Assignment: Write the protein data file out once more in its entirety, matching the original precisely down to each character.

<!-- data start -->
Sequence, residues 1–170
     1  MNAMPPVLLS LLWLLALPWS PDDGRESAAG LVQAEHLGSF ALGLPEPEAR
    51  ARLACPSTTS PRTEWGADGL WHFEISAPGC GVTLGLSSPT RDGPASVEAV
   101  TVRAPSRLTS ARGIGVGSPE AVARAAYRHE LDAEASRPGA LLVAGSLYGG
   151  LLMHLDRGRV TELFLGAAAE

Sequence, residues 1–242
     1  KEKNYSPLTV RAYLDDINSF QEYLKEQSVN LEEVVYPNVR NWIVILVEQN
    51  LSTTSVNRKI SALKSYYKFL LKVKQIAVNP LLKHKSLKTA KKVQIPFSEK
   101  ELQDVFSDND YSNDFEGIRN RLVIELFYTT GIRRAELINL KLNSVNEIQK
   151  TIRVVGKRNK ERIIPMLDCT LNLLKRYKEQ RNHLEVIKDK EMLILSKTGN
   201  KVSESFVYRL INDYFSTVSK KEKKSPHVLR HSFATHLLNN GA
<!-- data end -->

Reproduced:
Sequence, residues 1–170
     1  MNAMPPVLLS LLWLLALPWS PDDGRESAAG LVQAEHLGSF ALGLPEPEAR
    51  ARLACPSTTS PRTEWGADGL WHFEISAPGC GVTLGLSSPT RDGPASVEAV
   101  TVRAPSRLTS ARGIGVGSPE AVARAAYRHE LDAEASRPGA LLVAGSLYGG
   151  LLMHLDRGRV TELFLGAAAE

Sequence, residues 1–242
     1  KEKNYSPLTV RAYLDDINSF QEYLKEQSVN LEEVVYPNVR NWIVILVEQN
    51  LSTTSVNRKI SALKSYYKFL LKVKQIAVNP LLKHKSLKTA KKVQIPFSEK
   101  ELQDVFSDND YSNDFEGIRN RLVIELFYTT GIRRAELINL KLNSVNEIQK
   151  TIRVVGKRNK ERIIPMLDCT LNLLKRYKEQ RNHLEVIKDK EMLILSKTGN
   201  KVSESFVYRL INDYFSTVSK KEKKSPHVLR HSFATHLLNN GA